Storm Nate Fizzles After Landfall in Gulf of Mexico

By Roberto Ramirez | September 11, 2011

Storm Nate weakened to a tropical depression on Sunday as it moved farther inland across the coffee and sugar growing state of Veracruz, in the Gulf of Mexico.

Nate, which could still dump one to two inches of rain over Veracruz, is expected to dissipate on Monday, the Miami-based U.S. National Hurricane Center said.

State oil monopoly Pemex said it had rescued seven out of 10 contract workers who had been missing since Thursday after evacuating a rig in the Gulf of Mexico due to bad weather.

Four Mexicans, two Americans and one Bangladeshi were among those rescued in the Bay of Campeche. Two other workers were found dead and one remains missing, Pemex said.

The depression was 30 miles south south-west of Tuxpan, with maximum sustained winds of 35 miles per hour , the hurricane center said in its 4:00 p.m. CDT advisory. It is moving west, north-west at eight mph.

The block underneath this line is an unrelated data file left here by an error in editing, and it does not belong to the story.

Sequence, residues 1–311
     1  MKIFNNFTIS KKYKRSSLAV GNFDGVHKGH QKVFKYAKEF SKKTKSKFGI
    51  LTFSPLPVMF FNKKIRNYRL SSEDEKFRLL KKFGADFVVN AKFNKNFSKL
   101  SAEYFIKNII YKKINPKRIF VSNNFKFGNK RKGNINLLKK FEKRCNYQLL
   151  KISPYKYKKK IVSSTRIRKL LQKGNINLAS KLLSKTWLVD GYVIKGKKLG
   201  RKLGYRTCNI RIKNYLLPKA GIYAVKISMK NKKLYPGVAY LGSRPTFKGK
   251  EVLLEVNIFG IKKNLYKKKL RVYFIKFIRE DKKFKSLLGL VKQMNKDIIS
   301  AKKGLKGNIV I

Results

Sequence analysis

Veracruz is one of Mexico’s top producers of coffee and sugar and flooding could damage recently planted crops. High moisture also can cause fungus in coffee beans and flooding and landslides that could affect transportation routes and delay exports.

Sugar crops in Veracruz were greatly damaged last year in an intense tropical storm season.

The oil-exporting port of Cayo Arcas remained closed along with two other smaller ports. Dos Bocas reopened to shipping earlier on Sunday after four days of inactivity.

Pemex evacuated 473 workers from five sea platforms as a precaution but had not said if they had started to return to work. Nate had cut Mexican oil production by 178,800 barrels a day as of Friday.

Local media reported a fisherman drowned Friday after strong surf capsized his little boat in the Bay of Campeche area.

Meanwhile, the center of Tropical Storm Maria was seen passing well north of Puerto Rico later on Sunday.

The storm was located about 115 miles north-northeast of San Juan Puerto Rico, with maximum sustained winds of 60 mph.

(Additional reporting by Cyntia Barrera Diaz in Mexico City and Kevin Gray in Miami; Editing by Chris Wilson)

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